We had about a 4 hour break until the time trial, so we took a load off and talked a little more about race strategy. There really wasn’t much more to talk about because we knew that the criterium on Sunday was going to be a race of attrition. It was a very short course, less than a kilometer and we were racing with the 1-2’s so it was going to be really fast. Our plan was simple, bury ourselves in the time trial and try to hang on to the peloton for as long as possible in the criterium because they usually start pulling racers out of criteriums once they get lapped.
Garrett and NBL were a little more prepared for the TT than tPod and myself. They had the clip on TT bars and Garrett even had a TT helmet to help him slice through the air with a little more efficiency. tPod and I were slummin’ it on our road bikes. The time trial started with the slower riders going off first at 30 second intervals. Garrett was the first of the MSM 3’s to go. I started 30 seconds after Garrett, NBL was 30 seconds after me and tPod started 30 seconds after NBL. My legs felt pretty crappy throughout the 6+/- mile TT. My HR topped out at 172 and I think my average was somewhere around 169. Garrett was the fastest of the 4 of us clocking 17:58, my time was 18:03, tPod clocked 18:04 and NBL came in at 18:58. At the end of the day, Garrett was sitting in 4th on GC, I was 5th, tPod was 6th and NBL was somewhere in the top ten.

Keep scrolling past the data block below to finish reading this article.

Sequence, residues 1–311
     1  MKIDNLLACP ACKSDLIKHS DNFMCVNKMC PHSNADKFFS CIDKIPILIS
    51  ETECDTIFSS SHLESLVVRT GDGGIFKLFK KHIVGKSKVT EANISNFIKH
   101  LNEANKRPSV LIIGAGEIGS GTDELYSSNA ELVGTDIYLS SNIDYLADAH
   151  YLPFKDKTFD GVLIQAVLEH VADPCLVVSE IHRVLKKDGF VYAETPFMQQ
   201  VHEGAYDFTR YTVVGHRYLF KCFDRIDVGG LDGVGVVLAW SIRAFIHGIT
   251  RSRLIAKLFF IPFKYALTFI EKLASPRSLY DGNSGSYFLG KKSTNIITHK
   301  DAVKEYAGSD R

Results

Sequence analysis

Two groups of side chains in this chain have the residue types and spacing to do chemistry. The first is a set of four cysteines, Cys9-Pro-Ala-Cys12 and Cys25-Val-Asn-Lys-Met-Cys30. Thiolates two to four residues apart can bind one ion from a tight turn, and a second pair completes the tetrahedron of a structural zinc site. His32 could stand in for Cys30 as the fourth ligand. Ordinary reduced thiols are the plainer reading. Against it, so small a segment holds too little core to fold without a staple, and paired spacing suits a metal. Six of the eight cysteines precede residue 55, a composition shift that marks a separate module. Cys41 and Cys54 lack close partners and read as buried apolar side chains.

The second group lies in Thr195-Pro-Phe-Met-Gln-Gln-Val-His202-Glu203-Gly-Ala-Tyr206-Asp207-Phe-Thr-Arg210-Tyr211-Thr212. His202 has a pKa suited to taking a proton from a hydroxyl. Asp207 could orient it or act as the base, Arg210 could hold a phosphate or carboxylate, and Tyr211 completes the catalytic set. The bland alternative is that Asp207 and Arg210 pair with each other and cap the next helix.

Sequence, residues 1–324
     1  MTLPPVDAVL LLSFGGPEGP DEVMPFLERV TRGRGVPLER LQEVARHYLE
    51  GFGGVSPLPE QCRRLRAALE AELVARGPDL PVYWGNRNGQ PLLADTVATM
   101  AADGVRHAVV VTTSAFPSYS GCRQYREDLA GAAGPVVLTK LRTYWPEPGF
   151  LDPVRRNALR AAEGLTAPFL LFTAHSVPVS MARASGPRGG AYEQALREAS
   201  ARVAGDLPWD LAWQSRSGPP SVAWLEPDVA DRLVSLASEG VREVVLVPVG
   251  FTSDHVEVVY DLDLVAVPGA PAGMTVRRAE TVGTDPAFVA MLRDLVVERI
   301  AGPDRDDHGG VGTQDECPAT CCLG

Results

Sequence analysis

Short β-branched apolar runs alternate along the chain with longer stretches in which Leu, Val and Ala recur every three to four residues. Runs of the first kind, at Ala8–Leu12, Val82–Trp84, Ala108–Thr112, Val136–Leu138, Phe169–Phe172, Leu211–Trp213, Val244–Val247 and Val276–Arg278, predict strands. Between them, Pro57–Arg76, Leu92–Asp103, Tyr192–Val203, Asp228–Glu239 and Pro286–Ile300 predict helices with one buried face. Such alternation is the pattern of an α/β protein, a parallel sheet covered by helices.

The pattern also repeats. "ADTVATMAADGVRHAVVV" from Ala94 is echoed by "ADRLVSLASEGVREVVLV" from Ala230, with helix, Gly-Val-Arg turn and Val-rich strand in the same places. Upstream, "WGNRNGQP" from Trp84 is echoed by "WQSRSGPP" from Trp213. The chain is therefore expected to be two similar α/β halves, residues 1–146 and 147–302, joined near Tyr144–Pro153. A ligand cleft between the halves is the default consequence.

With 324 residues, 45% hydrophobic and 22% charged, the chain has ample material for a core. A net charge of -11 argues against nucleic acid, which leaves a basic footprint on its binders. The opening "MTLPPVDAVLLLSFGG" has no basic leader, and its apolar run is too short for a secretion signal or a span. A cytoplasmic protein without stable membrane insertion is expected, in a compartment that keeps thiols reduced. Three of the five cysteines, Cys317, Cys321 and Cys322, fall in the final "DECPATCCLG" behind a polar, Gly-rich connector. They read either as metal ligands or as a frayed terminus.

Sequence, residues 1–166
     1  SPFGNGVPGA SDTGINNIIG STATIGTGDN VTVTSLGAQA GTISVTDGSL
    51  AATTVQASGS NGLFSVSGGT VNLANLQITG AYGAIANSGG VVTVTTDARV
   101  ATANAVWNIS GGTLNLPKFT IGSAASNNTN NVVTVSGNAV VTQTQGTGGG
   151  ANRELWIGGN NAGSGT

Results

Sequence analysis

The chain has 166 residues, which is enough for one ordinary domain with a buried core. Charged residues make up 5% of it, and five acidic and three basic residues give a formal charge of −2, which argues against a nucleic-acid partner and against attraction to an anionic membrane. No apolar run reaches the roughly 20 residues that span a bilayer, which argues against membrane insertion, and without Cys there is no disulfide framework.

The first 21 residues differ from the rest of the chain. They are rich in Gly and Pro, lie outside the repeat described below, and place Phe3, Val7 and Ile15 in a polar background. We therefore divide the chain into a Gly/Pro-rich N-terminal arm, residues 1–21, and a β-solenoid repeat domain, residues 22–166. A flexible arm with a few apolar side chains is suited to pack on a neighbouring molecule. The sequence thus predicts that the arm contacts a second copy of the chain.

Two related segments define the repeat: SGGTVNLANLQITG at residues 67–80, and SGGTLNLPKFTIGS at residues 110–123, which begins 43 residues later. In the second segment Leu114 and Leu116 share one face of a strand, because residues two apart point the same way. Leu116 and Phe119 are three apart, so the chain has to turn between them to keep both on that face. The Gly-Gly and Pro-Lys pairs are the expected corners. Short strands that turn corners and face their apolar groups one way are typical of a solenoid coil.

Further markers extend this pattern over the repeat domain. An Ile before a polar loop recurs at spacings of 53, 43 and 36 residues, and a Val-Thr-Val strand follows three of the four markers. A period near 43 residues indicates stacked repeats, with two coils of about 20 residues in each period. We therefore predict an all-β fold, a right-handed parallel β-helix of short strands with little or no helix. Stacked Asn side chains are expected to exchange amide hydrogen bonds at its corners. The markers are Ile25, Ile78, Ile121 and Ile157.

We loaded up and headed back to Shim’s, hit the showers and then went out to score some grub. Shim and I opted for some Italian, the others went across the parking lot to some greasy Mexican joint. Mexican sounded really good, but for me, it’s not the ideal food of choice in the midst of a stage race. I really feel like my diet, with the exception of the potato chip incident, has a lot to do with the success of my season thus far. Didn’t want to rock the boat so I opted for some pasta. I did have some pretty damn good spicy sausage on top of my pasta, figured since I was being good by eating some pasta that a little sausage wouldn’t kill me. Went back to Shim’s house after dinner to watch some more inspiration on the way of cycling videos. One was about last years T-Mobile team and the other was a classic, A Sunday In Hell. A documentary about the ’76 Paris Roubaix, great video, you should watch it if you haven’t seen it.